Vitamin B6 is a water-soluble vitamin. Water-soluble vitamins dissolve in water. The body cannot store them. Leftover amounts of the vitamin leave the body through the urine. That means you need a continuous supply of such vitamins in your diet.
Vitamin B6 helps the body to:
Vitamin B6 is found in:
Fortified breads and cereals may also contain vitamin B6. Fortified means that a vitamin or mineral has been added to the food.
Large doses of vitamin B6 can cause:
Deficiency of this vitamin can cause:
(Vitamin B6 deficiency is not common in the United States.)
The Recommended Dietary Allowance (RDA) for vitamins reflects how much of each vitamin people should receive on a daily basis. The RDA for vitamins may be used to help create goals for each person.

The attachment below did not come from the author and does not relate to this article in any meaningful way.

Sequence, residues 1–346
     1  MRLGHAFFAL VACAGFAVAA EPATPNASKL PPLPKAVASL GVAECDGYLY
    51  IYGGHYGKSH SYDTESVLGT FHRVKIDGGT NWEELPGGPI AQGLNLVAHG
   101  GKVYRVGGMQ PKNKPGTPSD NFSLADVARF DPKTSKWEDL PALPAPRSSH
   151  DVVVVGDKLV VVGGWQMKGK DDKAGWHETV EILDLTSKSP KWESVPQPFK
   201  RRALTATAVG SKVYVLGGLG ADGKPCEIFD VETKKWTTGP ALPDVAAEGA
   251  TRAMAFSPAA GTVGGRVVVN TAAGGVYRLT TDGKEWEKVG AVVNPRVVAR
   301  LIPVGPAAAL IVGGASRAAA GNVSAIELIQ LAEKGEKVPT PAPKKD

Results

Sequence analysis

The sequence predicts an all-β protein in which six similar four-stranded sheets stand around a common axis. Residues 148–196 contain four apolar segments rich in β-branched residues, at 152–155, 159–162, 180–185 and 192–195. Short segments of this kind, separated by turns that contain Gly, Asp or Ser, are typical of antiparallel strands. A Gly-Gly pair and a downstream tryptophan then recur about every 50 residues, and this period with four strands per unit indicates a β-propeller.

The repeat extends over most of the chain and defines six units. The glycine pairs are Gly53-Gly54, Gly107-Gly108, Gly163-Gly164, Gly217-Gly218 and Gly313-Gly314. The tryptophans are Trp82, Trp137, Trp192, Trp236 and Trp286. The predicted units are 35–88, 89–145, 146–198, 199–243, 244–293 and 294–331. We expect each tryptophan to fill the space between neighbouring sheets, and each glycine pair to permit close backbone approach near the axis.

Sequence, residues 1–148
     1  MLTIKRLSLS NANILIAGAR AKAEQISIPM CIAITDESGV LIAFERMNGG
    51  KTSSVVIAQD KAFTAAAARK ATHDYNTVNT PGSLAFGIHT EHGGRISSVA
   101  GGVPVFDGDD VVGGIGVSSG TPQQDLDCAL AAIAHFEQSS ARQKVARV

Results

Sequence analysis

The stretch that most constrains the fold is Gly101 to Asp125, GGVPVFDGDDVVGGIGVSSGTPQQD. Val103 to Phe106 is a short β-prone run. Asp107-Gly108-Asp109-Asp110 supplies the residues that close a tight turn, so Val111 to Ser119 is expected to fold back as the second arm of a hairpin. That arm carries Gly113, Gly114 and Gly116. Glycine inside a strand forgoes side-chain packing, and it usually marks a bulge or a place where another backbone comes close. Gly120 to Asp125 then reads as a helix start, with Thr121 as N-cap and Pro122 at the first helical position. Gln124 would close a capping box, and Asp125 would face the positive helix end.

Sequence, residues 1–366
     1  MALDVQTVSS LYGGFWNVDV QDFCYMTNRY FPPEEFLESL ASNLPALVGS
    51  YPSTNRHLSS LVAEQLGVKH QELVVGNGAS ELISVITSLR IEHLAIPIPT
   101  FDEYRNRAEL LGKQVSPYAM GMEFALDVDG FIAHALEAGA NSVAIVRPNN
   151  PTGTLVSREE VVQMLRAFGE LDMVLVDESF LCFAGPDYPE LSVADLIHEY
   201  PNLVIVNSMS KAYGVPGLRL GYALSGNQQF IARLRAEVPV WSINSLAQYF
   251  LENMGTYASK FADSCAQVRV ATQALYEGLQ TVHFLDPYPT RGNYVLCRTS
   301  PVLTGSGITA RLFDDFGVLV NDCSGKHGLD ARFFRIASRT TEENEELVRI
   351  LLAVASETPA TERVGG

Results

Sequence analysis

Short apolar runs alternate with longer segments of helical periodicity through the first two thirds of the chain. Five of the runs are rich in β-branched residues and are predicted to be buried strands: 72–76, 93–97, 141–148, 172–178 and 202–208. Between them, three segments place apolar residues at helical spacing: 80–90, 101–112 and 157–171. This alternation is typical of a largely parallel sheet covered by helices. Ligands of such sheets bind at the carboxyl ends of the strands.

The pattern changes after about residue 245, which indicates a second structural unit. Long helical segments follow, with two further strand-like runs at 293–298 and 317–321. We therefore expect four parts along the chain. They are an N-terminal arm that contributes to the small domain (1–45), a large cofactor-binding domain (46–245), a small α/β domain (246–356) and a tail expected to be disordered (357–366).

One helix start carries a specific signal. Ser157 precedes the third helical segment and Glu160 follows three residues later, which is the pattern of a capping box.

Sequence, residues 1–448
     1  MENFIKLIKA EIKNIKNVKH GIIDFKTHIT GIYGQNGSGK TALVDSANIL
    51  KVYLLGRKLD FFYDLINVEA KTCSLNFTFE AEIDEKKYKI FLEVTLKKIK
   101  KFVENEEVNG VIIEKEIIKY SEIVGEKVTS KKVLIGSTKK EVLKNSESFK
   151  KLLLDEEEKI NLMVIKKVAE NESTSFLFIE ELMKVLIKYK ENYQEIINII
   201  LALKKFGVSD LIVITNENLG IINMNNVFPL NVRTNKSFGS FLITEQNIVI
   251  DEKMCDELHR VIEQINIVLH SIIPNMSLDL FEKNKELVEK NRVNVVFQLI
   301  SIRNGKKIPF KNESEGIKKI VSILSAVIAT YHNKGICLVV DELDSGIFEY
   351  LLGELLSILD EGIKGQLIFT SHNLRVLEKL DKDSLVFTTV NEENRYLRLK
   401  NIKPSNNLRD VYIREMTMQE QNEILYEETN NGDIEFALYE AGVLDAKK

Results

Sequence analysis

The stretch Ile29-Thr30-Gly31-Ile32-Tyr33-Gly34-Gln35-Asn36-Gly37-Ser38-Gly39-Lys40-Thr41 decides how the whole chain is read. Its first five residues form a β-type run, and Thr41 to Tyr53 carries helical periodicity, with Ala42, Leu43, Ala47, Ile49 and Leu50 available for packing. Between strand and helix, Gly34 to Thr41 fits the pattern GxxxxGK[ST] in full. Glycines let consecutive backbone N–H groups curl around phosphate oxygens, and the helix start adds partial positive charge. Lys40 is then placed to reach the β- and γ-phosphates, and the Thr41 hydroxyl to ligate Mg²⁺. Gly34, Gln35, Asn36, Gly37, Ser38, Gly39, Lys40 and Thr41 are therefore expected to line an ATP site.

How much of each vitamin is needed depends on a person's age and gender. Other factors, such as pregnancy and illnesses, are also important. Ask your health care provider which amount is best for you.
Dietary Reference Intakes for vitamin B6:
*Adequate intake (AI)
Adolescents and Adults
The best way to get the daily requirement of essential vitamins is to eat a balanced diet that contains a variety of foods.
Pyridoxal; Pyridoxine; Pyridoxamine
Escott-Stump S, ed. Nutrition and Diagnosis-Related Care. 6th ed. Philadelphia, Pa: Lippincott Williams & Wilkins; 2008.
Sarubin Fragaakis A, Thomson C. The Health Professionals' Guide to Popular Dietary Supplements. 3rd ed. Chicago, Il: American Dietetic Association; 2007.
Institute of Medicine. Food and Nutrition Board. Dietary Reference Intakes for Thiamin, Riboflavin, Niacin, Vitamin B6, Folate, Vitamin B12, PantothenicAcid, Biotin, and Choline. National Academy Press, Washington, DC, 1998.
Hamrick I, Counts SH. Vitamin and mineral supplements. Wellness and Prevention. December 2008:35(4);729-747.
Updated by: Alison Evert, MS, RD, CDE, Nutritionist, University of Washington Medical Center Diabetes Care Center, Seattle, Washington. Also reviewed by David Zieve, MD, MHA, Medical Director, A.D.A.M., Inc.
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